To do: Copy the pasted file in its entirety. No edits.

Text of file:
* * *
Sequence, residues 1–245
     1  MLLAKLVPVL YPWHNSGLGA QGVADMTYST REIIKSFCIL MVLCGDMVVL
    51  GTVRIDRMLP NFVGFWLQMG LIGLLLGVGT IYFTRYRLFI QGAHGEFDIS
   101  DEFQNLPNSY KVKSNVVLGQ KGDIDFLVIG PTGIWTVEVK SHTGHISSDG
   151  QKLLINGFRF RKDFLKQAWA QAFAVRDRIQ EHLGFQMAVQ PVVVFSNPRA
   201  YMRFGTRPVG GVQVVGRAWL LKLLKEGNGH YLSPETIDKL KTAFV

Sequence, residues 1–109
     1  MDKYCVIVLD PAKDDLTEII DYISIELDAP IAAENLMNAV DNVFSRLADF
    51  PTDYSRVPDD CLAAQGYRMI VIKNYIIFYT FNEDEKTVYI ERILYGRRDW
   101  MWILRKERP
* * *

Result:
Sequence, residues 1–245
     1  MLLAKLVPVL YPWHNSGLGA QGVADMTYST REIIKSFCIL MVLCGDMVVL
    51  GTVRIDRMLP NFVGFWLQMG LIGLLLGVGT IYFTRYRLFI QGAHGEFDIS
   101  DEFQNLPNSY KVKSNVVLGQ KGDIDFLVIG PTGIWTVEVK SHTGHISSDG
   151  QKLLINGFRF RKDFLKQAWA QAFAVRDRIQ EHLGFQMAVQ PVVVFSNPRA
   201  YMRFGTRPVG GVQVVGRAWL LKLLKEGNGH YLSPETIDKL KTAFV

Sequence, residues 1–109
     1  MDKYCVIVLD PAKDDLTEII DYISIELDAP IAAENLMNAV DNVFSRLADF
    51  PTDYSRVPDD CLAAQGYRMI VIKNYIIFYT FNEDEKTVYI ERILYGRRDW
   101  MWILRKERP